Richard Gabriel

Digital Library

ACM AAAI Allen Newell Award

USA - 2004


For innovations in programming languages and software design, and promoting the interaction between computer science and other disciplines, notably architecture and poetry.

Richard Gabriel has had a wide influence on programming languages and software design, and has also nurtured interaction between computer science and other disciplines. He has stretched the imagination of computer scientists with ideas and innovations from other fields (notably architecture and poetry), shaping the growth and impact of object technology.

Dr. Gabriel contributed to the development of Lisp and other infrastructure used by the artificial intelligence community. His contributions to the definition of the Common Lisp Object System set the stage for many object-oriented language features that were ahead of their time. He helped to develop Smalltalk and other infrastructure used by the object-oriented programming community, and has been influential in the ACM OOPSLA conferences, for which he created the Onward! Track to look for the next big advance in object technology. His paper "Worse is Better," a meditation on programming language design, has been widely circulated and debated by programming language designers.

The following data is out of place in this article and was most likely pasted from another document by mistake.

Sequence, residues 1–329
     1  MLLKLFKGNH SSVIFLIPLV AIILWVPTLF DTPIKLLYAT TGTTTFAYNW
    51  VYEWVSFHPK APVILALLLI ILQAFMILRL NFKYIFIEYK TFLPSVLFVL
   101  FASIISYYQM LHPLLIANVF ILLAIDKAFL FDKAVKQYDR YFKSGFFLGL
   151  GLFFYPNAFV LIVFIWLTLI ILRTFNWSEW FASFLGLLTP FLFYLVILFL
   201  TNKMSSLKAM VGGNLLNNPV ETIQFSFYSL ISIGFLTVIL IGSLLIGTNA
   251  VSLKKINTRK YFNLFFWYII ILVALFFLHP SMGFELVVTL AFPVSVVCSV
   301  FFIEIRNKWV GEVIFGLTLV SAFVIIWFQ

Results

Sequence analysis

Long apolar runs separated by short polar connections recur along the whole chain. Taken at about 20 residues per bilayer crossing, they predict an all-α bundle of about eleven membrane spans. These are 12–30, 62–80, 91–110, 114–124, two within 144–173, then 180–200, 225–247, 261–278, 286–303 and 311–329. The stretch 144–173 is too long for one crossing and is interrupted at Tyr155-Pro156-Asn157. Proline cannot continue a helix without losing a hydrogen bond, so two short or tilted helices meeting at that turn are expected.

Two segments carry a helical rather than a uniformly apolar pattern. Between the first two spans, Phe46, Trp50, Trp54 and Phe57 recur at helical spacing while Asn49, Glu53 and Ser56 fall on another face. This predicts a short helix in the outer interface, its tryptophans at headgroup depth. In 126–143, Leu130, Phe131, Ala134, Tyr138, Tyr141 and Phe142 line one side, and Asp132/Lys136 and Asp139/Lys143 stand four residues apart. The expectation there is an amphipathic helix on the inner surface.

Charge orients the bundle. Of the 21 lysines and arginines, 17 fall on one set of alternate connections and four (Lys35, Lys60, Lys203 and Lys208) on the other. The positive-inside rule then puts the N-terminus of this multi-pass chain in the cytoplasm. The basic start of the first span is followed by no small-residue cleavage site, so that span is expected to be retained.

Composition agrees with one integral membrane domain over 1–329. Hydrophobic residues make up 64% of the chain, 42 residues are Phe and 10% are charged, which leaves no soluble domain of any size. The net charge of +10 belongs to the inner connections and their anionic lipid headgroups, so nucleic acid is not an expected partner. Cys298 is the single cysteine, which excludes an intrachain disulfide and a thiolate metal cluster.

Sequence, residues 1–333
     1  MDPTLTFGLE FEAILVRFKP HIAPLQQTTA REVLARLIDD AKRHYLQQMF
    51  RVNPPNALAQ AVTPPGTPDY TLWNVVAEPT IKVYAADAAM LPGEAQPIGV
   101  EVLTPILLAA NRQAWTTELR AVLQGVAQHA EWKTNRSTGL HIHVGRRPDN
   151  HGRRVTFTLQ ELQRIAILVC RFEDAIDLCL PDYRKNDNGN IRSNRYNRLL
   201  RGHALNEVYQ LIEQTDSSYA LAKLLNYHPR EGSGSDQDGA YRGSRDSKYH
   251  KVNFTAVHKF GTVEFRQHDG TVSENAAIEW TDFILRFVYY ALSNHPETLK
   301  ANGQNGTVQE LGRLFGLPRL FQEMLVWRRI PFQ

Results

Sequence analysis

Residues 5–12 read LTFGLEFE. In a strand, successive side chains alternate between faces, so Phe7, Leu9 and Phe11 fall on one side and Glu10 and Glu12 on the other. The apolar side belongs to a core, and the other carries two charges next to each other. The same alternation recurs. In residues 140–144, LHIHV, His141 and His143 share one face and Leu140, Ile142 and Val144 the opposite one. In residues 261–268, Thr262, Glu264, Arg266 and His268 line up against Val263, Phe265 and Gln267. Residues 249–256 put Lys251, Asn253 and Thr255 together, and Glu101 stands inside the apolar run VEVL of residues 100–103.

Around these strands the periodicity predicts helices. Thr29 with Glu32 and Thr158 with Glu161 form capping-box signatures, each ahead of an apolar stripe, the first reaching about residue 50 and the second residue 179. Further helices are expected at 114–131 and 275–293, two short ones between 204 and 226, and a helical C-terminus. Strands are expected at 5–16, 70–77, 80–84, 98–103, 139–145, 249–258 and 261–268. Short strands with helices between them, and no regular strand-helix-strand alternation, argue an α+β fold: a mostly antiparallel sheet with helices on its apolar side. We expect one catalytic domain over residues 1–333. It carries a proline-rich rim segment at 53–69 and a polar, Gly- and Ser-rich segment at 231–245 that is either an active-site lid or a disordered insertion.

Dr. Gabriel worked with the Hillside Group to adapt architect Christopher Alexander's notion of patterns and pattern languages to the domain of software engineering. He promoted writers' workshops as a means of capturing this important form of design documentation and developing a pattern community that cares about clear communication. He taught others how to run such workshops, for both poetry and software. He worked with the Computer History Museum to preserve classic software, and harvested design patterns in the process. He promoted industry and open-source communities, including Sun's Jini project. He is leading the development of a prototype Master of Fine Arts program in Software at the University of Illinois.

A 1981 PhD graduate in Computer Science from Stanford University, Dr. Gabriel also earned a MFA in Creative Writing (Poetry) from Warren Wilson College in 1998. He is now a Distinguished Engineer with Sun Microsystems, President of the Hillside Group, and a Principal Investigator at Sun Laboratories. He maintains a web site for his writings and philosophy on blending art and science at

ACM Fellows

USA - 1998


Dr. Richard Gabriel is a leader in the Lisp/OOP community with years of contributions to standardization and founding a highly successful company, Lucid.